Wednesday, October 29, 2003

Good News for Philistines

Rob Schaap's excoriation of the state of the Yartz, and avante gardism, has brought quite a few of the blogosphere's philistines out of the closet. I don't think I entirely share Rob's view of the state of the Yartz, particularly music. There's nothing wrong with the music of Karl Heinz Stockhausen, for example, that a good melody line wouldn't fix.

John Quiggin has posted briefly, endorsing Rob's position. Through a comment at John's blog from Jack Strocchi, I found this Washington Times article in which Steve Sailer interviews Charles Murray, co-author of The Bell Curve:

It ignited controversy by arguing that IQ scores are one of the most overlooked tools for understanding how American society is structured.

You'd never know from this coy remark that Steve is actually a bit of a Murray fan (just as Jack Strocchi appears to be a bit of a Steve Sailer fan); however visit his website and it becomes clear where Steve stands on the relation between IQ and social status and that Steve is an energetic populariser of the "Science of IQ". He has little time for anyone who argues that IQ is mostly a load of bollocks, as this snide obituary for Stephen Jay Gould shows:

Gould's most famous and influential book was The Mismeasure of Man, which exemplified his trademark combination of antiquarianism and guilt by association in the service of character assassination. In it, he attempted to destroy the modern science of IQ by recounting the stumblings of 19th-century researchers working before the IQ test was even invented. Of course, that line of attack makes as much sense as trying to discredit modern astronomy by writing a book revealing that ancient astronomers thought the sun went around the Earth.

By the last decade of his life, Gould's moment had passed. His theories on human nature had proven sterile. Neo-Darwinism had triumphed. The bright young women on campus were flocking to evolutionary psychology, a field that the old leftist found deeply suspicious. Although Gould's slanders had slowed the scientific study of intelligence by helping starve it of funding, it continued to advance.

Murray has a new book out, Human Accomplishment: The Pursuit of Excellence in the Arts and Sciences, 800 B.C. to 1950. It sounds like the sort of book you might buy if someone gave you an Amazon gift certificate and Full House: The Spread of Excellence from Plato to Darwin was out of stock. Murray's book is an attempt to rank the top 4,000 artists and scientists in human history. Steve seems to be fairly keen on the idea of top people; as well as being a working journalist, he's:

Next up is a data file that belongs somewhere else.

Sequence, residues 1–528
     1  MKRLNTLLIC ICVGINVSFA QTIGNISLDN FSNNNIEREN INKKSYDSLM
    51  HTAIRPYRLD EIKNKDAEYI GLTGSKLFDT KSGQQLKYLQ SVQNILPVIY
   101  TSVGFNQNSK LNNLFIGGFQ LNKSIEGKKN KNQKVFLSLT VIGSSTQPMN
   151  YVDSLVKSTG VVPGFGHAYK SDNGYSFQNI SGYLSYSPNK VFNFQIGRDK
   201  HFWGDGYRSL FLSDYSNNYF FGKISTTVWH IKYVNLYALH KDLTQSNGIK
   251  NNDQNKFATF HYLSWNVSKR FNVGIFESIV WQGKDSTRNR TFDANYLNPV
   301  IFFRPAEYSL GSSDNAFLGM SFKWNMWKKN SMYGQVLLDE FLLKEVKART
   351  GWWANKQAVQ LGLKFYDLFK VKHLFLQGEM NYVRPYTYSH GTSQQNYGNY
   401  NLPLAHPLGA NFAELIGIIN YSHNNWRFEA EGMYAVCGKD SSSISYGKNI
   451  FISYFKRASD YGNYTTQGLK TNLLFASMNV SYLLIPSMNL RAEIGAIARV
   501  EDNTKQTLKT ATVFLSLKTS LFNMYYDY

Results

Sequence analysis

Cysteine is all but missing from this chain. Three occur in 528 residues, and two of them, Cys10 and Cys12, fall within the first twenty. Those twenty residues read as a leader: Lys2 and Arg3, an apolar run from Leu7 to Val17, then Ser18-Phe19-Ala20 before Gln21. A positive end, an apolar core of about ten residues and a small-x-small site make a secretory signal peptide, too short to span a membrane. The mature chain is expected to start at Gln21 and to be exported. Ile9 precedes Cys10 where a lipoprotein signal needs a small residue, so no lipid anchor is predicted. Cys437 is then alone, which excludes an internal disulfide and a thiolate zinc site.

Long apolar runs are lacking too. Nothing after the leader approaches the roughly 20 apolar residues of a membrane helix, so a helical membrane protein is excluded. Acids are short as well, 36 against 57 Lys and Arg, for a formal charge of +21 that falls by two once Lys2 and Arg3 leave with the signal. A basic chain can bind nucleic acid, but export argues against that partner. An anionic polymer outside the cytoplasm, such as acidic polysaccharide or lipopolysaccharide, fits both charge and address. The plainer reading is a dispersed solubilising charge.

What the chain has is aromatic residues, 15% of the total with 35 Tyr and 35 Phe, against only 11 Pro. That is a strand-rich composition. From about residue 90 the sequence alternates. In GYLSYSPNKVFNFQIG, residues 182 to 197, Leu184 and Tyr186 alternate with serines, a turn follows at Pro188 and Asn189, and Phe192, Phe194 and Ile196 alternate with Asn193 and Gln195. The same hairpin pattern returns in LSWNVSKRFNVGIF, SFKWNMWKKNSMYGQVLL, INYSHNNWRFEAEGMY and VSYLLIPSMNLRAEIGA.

the founder of the Human Biodiversity Institute, which runs the invitation-only Human Biodiversity discussion group for top scientists and public intellectuals.

I don't know whether Murray is a member of the Human Biodiversity Institute but it's clear that Steve considers him a top public intellectual, so his line of questioning in the interview is far from aggressive. This works in his favour; his fawning approach allows Murray space to explain his work, and his approach to identifying the world's greatest artists and scientists in a little detail:

Murray meticulously measured how much attention the leading scholars in their fields pay to the top creators and discoverers. Reading "Human Accomplishment" is a little like browsing through the statistics-laden "Baseball Encyclopedia," except that instead of being about Ruth, Di Maggio, and Bonds, Murray's book is about Picasso, Darwin, and Edison.


Q. Can you truly quantify objectively which artists and scientists were the most eminent?

A. Sure. It's one of the most well-developed quantitative measures in the social sciences. (The measurement of intelligence is one of its few competitors, incidentally.)

My indices have a statistical reliability that is phenomenal for the social sciences. There's also a very high "face validity" -- in other words, the rankings broadly correspond to common-sense expectations.

So there you go; thanks to Murray we now have an objective, statistically reliable catalogue of history's intellectual greats. Murray makes it clear at the outset that he didn't allow his own opinions to influence his analysis of the data:

Q. Who came out on top of big categories like Western Literature, Western Art, Western Philosophy, and Combined Sciences?

A. Shakespeare, Michelangelo, Aristotle, and Newton -- the people you'd expect.

In Western music, Mozart and Beethoven were in a dead heat, with Bach third. A rather vocal minority is upset about Bach not being on top. I'm not. I love Bach, but it's awfully hard to listen to Beethoven's later symphonies and string quartets and figure out how anybody could possibly be ranked above him.

However, let me stress: I'm not the one who made those decisions. And occasionally I had to grin and bear it when things didn't come out according to my druthers. Rousseau and Byron are way too high in Western literature for my taste, for example.

You have to admire Murray's intellectual integrity here; a lesser person might have been tempted to fudge the figures, on the basis that Rousseau and Byron receive a lot of attention from leading scholars because their work is great in being bad (like the poetry of William Topaz McGonagall, poet and tragedian of Dundee).

For some reason, I'm skeptical of the idea that by surveying lit crit, music crit and other fields of scholarship you can arrive at an objective list of the world's brightest and best. It reminds me too much of past attempts to assign IQs to historical figures; a topic Gould covers The Mismeasurement of Man. But it's probably better to reserve judgement until I've at least had the chance to flick through the book in a public library or remainder bin somewhere.

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